I am writing this while admiring a fairly raw but rather old slab of ethically harvested Burl. By "ethically", I mean that the Burl was harvested from a tree that was downed by nature. This reasonably sized piece has been in "Hopkins storage" for around 35 years. It came from a Redwood tree that was alive before your great great grandparents were born. For a Redwood, this is a small Burl.
When I was growing up, my parents had a romantic adoration for Southern, coastal Oregon. We visited almost annually and we always stayed at the same place and year-by-year we explored different areas within reach of the hub of our modest, rented cabin in Yachats, Oregon. We visited Lighthouses, the headquarters of Pendleton Wool, Tillamook Cheese. We explored Sea Lion Caves and we feasted at Moe's (a sacred institution). My brother and I always loved an opportunity to spend our pennies on cheap, touristy crap whenever we could and our parents would always include an accommodating stop. I know that I still have an Oregon bicycle "license plate" with my actual first name (Dick) on it and I know they can't sell any such thing anymore which probably makes it some kind of collector's item. That's really funny if you hadn't grown up with the name.
Our father was super-friendly and he ALWAYS made friends wherever we went. He also had great ambition to continue learning about woodworking and collecting the tools to have a fully functioning woodshop. Often, my mother, brother and I would be left rolling our eyes at Dad's new connections with people and their long conversations. One such ended up in the acquisition of this Redwood Burl that has since been protected and saved for the "right" project. It was wrapped up and taken back to the Yachats cabin to then be protected with softer wrapping and gently placed in the luggage for the trip back to Denver. Once we were home, it was too precious to be turned into art without investing the time and learned skill to treat it with enough respect to let it realize its final form. For a long time, it was thoughtfully admired and inspected with reverence. Over the course of years, it represented a sacred possibility that hadn't yet communicated its purpose and it was eventually hidden away for that special day.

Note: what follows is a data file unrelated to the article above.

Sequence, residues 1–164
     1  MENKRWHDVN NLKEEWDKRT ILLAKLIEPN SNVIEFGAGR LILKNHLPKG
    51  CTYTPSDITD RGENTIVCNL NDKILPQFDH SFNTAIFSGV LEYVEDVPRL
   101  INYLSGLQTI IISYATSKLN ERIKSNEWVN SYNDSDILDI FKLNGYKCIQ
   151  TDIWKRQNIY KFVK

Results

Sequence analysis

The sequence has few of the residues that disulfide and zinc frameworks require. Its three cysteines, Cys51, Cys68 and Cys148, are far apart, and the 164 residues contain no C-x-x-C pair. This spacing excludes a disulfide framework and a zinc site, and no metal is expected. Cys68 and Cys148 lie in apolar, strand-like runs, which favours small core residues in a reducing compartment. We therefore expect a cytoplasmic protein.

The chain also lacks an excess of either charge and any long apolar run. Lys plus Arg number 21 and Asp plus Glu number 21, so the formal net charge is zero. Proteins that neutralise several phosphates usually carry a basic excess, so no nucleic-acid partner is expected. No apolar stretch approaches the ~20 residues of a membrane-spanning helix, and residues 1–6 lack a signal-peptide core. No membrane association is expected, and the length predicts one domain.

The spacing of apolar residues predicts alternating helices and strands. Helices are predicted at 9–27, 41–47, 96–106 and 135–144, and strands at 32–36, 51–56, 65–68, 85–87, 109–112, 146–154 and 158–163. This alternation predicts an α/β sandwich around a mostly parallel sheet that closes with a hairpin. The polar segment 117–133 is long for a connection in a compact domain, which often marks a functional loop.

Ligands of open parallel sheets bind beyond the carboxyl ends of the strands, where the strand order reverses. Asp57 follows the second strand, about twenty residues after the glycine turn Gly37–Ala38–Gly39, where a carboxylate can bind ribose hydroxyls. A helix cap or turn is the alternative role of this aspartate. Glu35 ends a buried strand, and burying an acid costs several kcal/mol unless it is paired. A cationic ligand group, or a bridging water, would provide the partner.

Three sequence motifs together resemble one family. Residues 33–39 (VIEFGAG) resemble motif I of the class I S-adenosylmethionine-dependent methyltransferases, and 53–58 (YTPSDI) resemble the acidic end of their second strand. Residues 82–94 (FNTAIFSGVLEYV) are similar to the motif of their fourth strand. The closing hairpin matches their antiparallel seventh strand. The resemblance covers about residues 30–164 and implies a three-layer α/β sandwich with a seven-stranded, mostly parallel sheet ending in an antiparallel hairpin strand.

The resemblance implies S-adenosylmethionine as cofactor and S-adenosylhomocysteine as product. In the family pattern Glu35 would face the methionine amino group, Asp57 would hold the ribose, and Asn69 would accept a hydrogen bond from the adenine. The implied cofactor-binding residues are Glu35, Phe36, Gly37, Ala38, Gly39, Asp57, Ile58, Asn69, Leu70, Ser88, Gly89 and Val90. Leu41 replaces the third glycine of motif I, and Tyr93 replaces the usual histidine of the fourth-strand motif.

Due to life and circumstance, it was moved to deeper storage and it was forgotten.
We lost my dad to cancer 24 years ago.
This piece of wood has been waiting to be rediscovered. It has more than properly dried and climate/altitude adjusted. I recently rediscovered it, dusted it off, and took it back to the lab (my office) to have a closer look. It has been here for just a couple of days. It is riddled with natural, climate-influenced cracks but this development is informative. As it has fully cured and dried, I can trust areas that do not show fracturing or other natural faults. It is not as large as I remember but I was smaller then. I also acknowledge that its exaggerated importance may have equally affected my memory of its size. In short, it has the potential to not just be one thing but to be many small things. As it still holds the importance that I remember, I will dutifully honor this material's story and what I can respectfully add. For me, Burl or Burr is pleasingly symbolic of the value of the evidence of trauma and the abstract beauty in recovery.
(yes, Dick William Phelyx Hopkins)